Onam sales, which come hand in hand with the wedding season, are a bellwether stock for the long string of ensuing festivals like Durga Puja, Dussehra, Diwali and Christmas.
It is the turn of calamity-ravaged Kerala to lead in boosting the country’s sagging consumer appetite, with Onam, the biggest festival of the state, culminating this week. Onam sales, which come hand in hand with the wedding season, are a bellwether stock for the long string of ensuing festivals like Durga Puja, Dussehra, Diwali and Christmas, and traders in Kerala have been counting on at least Rs 50,000-crore of extra business through sales in white goods, textiles, gold and sundry goods.
This time, the Onam season enjoyed a long one-month spell as Thiruvonam falls on September 11. Though rains and landslides in first week of August brought back nightmares of the humongous floods and the crushed Onam business season of August 2018, the weather god finally smiled.
The growth of car sales in Kerala has always been linked to plantation fortunes. There is even a saying that as rubber price shoots up, the number of posh showrooms for four wheelers multiplies in the Kottayam-Idukky belt. This week, the rubber sheet is priced at Rs 138-139 per kg, indicating an 8% fall during the month. Decline in income from rubber, tea and coffee and the countrywide auto biz slowdown have had car dealerships downing shutters in Kerala too.
The only cheerful horn hoot is from Isuzu Motors, which opened a showroom in Kannur this week. “We see an increasing demand for our range of D-Max pick-ups and mu-X in Kerala,” says Takeshi Hirano, VP (sales), Isuzu Motors India.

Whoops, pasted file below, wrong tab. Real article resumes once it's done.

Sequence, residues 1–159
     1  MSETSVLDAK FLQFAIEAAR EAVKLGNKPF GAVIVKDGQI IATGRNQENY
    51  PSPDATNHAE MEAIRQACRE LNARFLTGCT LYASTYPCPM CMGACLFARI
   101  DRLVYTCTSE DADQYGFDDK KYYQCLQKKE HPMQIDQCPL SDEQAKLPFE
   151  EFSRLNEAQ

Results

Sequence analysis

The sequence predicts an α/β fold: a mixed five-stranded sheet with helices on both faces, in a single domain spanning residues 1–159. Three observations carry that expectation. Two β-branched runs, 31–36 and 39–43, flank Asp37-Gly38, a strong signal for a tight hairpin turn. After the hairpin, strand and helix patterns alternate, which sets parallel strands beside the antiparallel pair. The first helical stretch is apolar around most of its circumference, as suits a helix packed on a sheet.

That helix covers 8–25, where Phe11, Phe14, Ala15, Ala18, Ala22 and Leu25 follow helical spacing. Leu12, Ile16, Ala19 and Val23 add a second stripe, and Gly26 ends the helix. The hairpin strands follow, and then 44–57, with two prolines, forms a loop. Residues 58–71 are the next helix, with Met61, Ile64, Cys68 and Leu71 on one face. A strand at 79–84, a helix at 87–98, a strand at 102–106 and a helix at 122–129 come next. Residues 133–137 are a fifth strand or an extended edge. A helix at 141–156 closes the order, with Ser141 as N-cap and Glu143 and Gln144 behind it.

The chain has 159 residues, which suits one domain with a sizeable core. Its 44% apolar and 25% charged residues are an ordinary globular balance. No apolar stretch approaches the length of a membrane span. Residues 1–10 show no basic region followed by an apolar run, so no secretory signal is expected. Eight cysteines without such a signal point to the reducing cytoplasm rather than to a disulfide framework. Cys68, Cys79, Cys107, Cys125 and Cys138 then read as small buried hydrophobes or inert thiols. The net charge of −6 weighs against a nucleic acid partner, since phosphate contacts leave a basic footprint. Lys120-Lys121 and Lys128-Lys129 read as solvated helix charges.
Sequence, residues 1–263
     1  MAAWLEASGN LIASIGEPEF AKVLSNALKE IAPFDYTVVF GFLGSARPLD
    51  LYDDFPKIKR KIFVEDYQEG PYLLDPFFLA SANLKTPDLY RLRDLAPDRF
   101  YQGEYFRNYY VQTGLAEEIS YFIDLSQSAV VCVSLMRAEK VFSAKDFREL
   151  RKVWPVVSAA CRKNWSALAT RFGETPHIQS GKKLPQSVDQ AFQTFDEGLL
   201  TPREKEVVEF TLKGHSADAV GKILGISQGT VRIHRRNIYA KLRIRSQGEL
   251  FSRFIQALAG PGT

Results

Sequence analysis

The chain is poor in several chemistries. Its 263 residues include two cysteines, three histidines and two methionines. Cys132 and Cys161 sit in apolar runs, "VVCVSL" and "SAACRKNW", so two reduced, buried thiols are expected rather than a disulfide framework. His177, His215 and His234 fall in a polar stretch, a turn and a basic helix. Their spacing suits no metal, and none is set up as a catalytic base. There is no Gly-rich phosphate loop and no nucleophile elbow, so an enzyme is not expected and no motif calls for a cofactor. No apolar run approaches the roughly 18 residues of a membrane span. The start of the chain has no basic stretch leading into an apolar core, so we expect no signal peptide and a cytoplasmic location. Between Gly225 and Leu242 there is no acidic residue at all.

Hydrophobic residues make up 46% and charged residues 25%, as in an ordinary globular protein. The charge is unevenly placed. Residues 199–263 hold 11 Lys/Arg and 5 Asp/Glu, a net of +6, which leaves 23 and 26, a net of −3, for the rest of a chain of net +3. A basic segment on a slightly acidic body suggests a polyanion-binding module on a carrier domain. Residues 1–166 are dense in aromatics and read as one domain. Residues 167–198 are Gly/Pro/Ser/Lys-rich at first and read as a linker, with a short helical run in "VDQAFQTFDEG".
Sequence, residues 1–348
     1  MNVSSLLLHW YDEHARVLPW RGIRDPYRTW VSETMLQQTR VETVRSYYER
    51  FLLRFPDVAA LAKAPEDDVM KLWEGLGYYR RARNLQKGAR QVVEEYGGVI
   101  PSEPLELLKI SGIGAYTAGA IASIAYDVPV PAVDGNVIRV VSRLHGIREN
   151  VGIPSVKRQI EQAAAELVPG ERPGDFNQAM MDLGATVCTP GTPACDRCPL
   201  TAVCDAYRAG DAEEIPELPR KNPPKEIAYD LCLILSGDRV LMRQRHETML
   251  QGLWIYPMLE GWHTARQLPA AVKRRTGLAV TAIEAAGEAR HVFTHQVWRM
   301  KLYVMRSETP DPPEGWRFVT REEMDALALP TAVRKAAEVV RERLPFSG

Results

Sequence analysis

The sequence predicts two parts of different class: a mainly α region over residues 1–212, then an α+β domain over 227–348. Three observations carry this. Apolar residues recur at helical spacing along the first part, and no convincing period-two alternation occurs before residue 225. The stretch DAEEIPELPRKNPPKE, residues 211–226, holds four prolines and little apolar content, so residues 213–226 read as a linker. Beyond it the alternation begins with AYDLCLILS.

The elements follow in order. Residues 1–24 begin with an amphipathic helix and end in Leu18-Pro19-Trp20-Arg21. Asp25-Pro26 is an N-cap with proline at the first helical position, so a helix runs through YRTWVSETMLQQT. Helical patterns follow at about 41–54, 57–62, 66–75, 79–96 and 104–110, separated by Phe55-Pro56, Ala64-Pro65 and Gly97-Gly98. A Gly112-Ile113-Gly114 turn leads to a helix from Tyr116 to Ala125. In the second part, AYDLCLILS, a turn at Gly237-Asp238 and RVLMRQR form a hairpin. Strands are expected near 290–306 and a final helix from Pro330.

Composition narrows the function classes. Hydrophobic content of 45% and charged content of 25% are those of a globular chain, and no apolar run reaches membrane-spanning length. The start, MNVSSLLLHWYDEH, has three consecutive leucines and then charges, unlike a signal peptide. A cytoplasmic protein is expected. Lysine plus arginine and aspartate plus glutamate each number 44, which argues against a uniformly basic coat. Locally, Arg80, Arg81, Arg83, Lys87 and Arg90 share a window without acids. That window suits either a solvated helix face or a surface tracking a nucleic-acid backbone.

One percent state flood cess, in addition to 28% GST, has been harsh on two-wheeler buyers. But it does seem that the surge in earning opportunities for students in Uber and Ola and Swiggy and Zomato food delivery jobs have resulted in additional money in their hands. Industry analysts say by preliminary estimates, there has been an increase of 5-8% in two-wheeler segment in Kerala during Onam.
There is not much of a slowdown in the white goods market, except in entry-level TVs. “Last year, floods had hit our sales. But we feel that the pent-up demand of last year would translate into consumption this year,” says Abhinav Kumar, sales head of a premium home appliance brand.
In AC sales, the rise in summer temperature had played the saviour. Kamal Nandi, business head and EVP at Godrej Appliances, said this helped in making their first quarter “very good”. He, though, feels it is tough to keep up that momentum. “But because of low base from last year in Kerala, we expect to log a double-digit growth.”
For Voltas too, the AC market grew 163% in Q1 in Kerala. Pradeep Bakshi, MD, Voltas, said “the slowdown is a challenge”, but a slew of “consumer finance schemes with easy instalments” could do the trick.
The home appliance market expects Rs 800-crore sales in Kerala in the August 15-September 15 period, as it eyes Rs 2,000-crore sales in the current financial. “Last year, the Onam season home appliance business was dull by at least 30%, though later there was a flurry to replenish essential kitchen appliances damaged by floods,” says Anoop Satheeshan, sales manager of a leading home appliance trader.
Floods or no floods, Keralites’ romance with the spirit had whipped up state-run BEVCO’s liquor turnover to Rs 14,508 crore in 2018-2019, its highest sales ever, with brandy emerging as the top favourite. This year, BEVCO anticipates a seasonal sales surge of about Rs 230 crore.
In gold demand too, Kerala beats other states, thanks to the festive spirit of its Gulf-based NRI diaspora in vacation on the home turf and the wedding season. Rural Kerala’s per capita spend on gold is Rs 209, while for urban Kerala, it is Rs 189.9 – both being the highest among states. The state’s per day gold sales during the Onam season is as high as 200 kg. “We anticipate a 25-30% growth in Onam sales, although the trend would be to go for lightweight jewellry rather than chunky pieces,” says MP Ahammed, chairman of the Malabar Gold & Diamonds.
About 30% of Kerala’s Rs 10,000-crore textile trade happens in August-September. Traditional Kerala handloom was gravely shaken by 2018 floods as one of its weaver villages in Chendamangalam suffered big losses. “2019 is a bounce-back year, despite the continuing climatic odds,” says TS Baby, the president of a weaver society in Paravoor.